Blog post @ Volume 3, published 24 November 2012
I was flabbergasted at reading Counterfire’s article about this week’s student demonstration. There were all kinds of levels of wrong with Katherine Connelly’s analysis. From her depiction of the Left’s response to the NUS’ slogans and route, to her drip conclusions of what the student movement should be doing, I found myself continuously hoping that this activist has either been force-fed some lines to reproduce as an article, or simply been in student politics for too little time to know better.
Don’t get me wrong, I am pretty sure there are a whole lot of other people out there (within and outside of Counterfire remits) that would come up with similar reformist nonsense as “Why the student movement needs to stop devouring itself” and
“On the day of the demo a group of left wing students tried to persuade, and then physically force, people not to follow the official route but to stay in front of parliament. This led to a split of around one thousand.”
But those kind of apologisms, I would suggest, are exactly what is getting in the way of a truly radical, grassroots student movement. It is this fetishism with the NUS as the representative structure of the student body that needs to be addressed, and that indeed has once been almost eradicated amongst the left-wing of the student movement (if you were around in 2010/2011 you know it, too). It is a shame to see it back in full force, particularly at this stage, when it seems that we still don’t have a lot going on for ourselves as revolutionaries when it comes to our appeal to the – judging by the audience’s positive reactions to Owen Jones in BBC Question Time a few days ago – clearly angry masses.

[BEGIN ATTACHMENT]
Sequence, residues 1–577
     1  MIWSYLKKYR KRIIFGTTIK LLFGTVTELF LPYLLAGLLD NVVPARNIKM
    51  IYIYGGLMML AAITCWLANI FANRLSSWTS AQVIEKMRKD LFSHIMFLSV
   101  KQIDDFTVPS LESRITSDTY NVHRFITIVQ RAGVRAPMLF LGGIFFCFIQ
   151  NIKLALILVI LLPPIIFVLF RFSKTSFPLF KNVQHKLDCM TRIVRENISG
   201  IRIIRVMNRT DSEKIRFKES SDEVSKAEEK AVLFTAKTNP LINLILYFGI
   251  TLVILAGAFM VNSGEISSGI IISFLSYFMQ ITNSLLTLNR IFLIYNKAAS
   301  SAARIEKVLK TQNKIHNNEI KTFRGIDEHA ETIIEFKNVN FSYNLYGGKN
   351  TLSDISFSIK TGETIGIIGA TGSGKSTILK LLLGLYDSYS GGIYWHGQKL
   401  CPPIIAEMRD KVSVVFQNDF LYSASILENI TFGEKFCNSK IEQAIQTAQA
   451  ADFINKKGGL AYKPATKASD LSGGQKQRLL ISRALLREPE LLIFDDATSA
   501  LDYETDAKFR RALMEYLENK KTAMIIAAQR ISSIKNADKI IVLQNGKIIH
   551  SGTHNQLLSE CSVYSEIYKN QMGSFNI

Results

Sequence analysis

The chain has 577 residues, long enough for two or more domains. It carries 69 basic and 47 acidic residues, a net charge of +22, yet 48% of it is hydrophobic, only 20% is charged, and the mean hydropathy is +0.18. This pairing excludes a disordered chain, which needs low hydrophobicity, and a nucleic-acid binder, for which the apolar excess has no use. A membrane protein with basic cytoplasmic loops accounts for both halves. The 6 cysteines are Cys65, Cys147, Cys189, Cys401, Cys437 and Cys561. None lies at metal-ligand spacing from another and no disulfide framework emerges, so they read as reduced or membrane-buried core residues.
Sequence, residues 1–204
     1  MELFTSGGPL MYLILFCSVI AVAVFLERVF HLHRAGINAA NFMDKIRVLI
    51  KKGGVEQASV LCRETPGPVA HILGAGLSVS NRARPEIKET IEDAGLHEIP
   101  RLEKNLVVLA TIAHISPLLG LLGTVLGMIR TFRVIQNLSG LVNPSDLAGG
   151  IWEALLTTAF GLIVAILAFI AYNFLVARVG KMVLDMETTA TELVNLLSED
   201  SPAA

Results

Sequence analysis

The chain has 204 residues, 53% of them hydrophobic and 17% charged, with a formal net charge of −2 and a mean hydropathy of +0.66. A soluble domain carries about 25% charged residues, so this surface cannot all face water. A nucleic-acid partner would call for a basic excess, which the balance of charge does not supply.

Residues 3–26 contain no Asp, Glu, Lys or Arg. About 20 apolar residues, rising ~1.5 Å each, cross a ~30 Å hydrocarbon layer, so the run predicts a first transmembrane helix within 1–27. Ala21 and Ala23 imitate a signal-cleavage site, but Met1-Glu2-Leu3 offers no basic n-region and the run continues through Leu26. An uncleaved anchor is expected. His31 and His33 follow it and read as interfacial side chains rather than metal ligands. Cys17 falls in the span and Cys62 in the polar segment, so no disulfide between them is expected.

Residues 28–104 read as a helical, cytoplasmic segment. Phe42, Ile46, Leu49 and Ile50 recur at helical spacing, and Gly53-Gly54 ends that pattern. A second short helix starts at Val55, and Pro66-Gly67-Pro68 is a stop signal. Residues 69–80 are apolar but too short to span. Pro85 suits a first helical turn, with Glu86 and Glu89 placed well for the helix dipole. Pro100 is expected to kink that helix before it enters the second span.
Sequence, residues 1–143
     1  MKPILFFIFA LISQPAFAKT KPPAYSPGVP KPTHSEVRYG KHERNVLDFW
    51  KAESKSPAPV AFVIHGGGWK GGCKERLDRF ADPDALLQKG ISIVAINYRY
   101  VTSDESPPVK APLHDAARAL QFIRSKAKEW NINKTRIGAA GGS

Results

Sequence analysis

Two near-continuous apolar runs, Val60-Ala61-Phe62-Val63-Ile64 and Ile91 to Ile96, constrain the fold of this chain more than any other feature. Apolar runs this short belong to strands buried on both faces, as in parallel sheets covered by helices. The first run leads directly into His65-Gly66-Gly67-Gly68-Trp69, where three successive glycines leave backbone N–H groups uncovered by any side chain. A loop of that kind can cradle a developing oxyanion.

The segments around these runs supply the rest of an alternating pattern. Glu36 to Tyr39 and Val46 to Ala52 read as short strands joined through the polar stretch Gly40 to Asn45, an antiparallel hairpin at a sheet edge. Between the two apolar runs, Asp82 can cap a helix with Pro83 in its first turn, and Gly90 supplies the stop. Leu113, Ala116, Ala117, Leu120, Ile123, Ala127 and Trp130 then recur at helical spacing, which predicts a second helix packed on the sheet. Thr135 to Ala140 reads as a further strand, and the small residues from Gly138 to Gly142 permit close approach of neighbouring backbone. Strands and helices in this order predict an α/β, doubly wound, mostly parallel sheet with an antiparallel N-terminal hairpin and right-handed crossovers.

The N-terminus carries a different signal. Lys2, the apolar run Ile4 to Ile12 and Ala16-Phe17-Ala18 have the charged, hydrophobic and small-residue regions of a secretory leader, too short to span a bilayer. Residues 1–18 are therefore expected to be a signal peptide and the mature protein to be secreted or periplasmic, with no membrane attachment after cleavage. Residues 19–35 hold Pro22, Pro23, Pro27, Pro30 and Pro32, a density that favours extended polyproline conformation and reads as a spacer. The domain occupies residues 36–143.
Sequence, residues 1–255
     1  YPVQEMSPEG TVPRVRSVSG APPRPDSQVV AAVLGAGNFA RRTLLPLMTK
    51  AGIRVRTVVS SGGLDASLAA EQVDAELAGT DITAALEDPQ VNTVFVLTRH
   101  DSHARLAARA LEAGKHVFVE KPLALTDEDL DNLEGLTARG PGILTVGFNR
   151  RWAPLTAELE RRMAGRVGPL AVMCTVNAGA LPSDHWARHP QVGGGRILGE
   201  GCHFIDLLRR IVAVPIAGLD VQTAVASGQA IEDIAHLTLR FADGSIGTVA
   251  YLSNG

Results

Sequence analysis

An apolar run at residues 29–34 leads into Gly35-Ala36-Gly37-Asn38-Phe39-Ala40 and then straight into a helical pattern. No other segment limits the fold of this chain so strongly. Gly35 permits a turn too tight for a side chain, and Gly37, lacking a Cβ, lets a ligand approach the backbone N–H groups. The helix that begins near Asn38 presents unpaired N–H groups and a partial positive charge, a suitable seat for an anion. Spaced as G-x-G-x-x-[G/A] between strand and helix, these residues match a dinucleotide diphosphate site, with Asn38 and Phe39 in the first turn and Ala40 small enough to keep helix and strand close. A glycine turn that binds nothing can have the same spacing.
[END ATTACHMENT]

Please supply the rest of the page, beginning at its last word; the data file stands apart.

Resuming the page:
And before I go on, let me make a personal comment on the NUS and my own involvement with in a time not so far ago.
This is the “Mea Culpa” moment in which I dare to say in public forum that running for a position within the NUS was, politically and possibly in general, the main thing I regret having done in my life. By this I don’t mean to criticize the comrades who run with me on that slate, nor to slander the many great left-wing activists who have through time done the same as I did last year. However, putting myself forward to be elected for such a highly bureaucratic, often corrupt, and definitely unrepresentative organisation was totally contradicting my personal politics. To the extend that, the organisation on which my political credentials were premised in the run for the place of NUS’ VP Union Development – the National Campaign Against Fees and Cuts – was initiated in a conference, that I opened with the line:
“The NUS serves as a tool for the Government (…) we are here to fight back, and we are willing to do so as well.”
So, why did I do it, you are probably asking. It was a mix of pride and naivety, added to a little bit of peer pressure and the then-recent disappointment of seeing the student movement collapse. It was most of all my own weakness and ill-judgement, and, whilst I still believe that the political arguments I had on why I was a better candidate than others (both prior and during Conference) were principled and factually correct, I can now admit that it was with a sigh of relief that I received the news of my defeat. I am sure some will probably read this and denounce me as a hypocrite. I believe I was not, rather that I temporarily wanted to believe that the National Union of Students was a useful tool to save our educational system, but I will bear such accusations as a cross for my mistake. Good revolutionaries face their errors and so will I.
But enough about me and back to the response to Counterfire’s article.
The misguided analysis
Connelly argues that the actions of “some left groups” were divisive and gave the impression that the Left is “eating itself up”. Whilst I don’t have an issue with criticisms to throwing eggs and satsumas at Liam Burns, president of the NUS, I am appalled that anyone on the Left would rather have us all march down to far-far-away rally-land (in this case Kennington, where, since the Chartists, no political symbolism can be seen) than face the police and its barriers, which are literally as well as metaphorically blocking students from “threaten[ing] the main enemy in Whitehall”.